Speakers: Thomas Seyller (TU Chemnitz, Institut für Physik, Reichenhainer Str. 70, 09126 Chemnitz, Germany)
Place: Cukrovarnická 10, knihovna, budova A, 1. patro
Presented in English
Organisers: Department of Thin Films and Nanostructures
Ten years ago, ground-breaking experimental studies of graphene – a monolayer of carbon with honeycomb structure – were reported. Charge carriers in graphene are described by the Weyl-Hamiltonian for massless particles, resulting in interesting properties such as an unusual quantum Hall effect or Klein tunneling which sparked the interest of scientists around the world. They are characterized by a high mobility, which makes graphene interesting for electronic applications such as high frequency transistors and frequency mixers. Furthermore, graphene is mechanically very stable but also flexible and at the same time almost completely transparent which may be exploited in flexible and transparent electrodes for displays or solar cells. These are but a few possible applications of graphene.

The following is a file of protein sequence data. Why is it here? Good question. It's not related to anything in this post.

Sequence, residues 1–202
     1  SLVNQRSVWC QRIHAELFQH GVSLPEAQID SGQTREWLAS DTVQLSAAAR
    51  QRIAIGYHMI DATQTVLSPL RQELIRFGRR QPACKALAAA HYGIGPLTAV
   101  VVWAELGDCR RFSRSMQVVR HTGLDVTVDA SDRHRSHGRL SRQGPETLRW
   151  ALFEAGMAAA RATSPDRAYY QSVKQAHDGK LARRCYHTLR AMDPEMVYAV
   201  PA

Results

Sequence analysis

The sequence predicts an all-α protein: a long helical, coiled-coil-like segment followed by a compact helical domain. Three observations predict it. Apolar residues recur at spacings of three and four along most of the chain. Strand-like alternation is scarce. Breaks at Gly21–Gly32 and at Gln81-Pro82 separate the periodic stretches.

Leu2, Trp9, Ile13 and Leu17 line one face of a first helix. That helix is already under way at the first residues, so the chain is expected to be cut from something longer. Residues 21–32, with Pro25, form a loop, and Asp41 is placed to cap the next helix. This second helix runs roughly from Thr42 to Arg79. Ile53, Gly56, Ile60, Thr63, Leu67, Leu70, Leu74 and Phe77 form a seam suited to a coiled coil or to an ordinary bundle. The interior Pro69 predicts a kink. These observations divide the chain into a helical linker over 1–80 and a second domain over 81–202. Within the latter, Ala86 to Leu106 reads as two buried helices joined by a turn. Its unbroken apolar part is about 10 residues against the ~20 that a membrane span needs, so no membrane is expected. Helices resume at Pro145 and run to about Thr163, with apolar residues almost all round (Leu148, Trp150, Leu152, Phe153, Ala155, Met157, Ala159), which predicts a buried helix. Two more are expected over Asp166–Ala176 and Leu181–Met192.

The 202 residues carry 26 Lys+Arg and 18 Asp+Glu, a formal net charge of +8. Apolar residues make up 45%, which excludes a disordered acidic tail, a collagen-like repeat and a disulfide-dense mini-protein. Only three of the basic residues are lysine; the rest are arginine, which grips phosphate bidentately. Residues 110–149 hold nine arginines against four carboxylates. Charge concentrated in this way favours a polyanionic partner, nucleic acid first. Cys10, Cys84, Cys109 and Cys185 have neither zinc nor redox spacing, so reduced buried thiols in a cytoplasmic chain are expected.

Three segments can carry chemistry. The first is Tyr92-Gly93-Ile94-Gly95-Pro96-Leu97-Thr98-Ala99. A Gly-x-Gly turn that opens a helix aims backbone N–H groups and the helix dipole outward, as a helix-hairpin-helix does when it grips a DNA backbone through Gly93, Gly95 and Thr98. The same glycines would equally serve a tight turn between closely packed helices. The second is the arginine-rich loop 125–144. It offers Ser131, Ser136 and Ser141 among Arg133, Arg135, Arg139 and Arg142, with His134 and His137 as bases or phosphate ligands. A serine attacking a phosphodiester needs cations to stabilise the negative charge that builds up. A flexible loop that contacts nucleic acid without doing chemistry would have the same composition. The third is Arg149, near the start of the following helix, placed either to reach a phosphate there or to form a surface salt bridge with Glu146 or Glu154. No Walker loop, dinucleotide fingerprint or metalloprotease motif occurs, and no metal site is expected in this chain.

In order to bring graphene from the lab into the application, methods must be developed for a large scale production of graphene by epitaxial growth on a substrate. Epitaxial graphene on SiC(0001) grows via thermal decomposition of the SiC substrate surface at elevated temperatures. Because epitaxial graphene is atomically thin and recumbent on a substrate, it is an ideal subject for surface science tools. In my presentation I will demonstrate how various tools can be used to understand the properties of epitaxial graphene, to study and improve its growth, and to devise methods for manipulating its interaction with the substrate.
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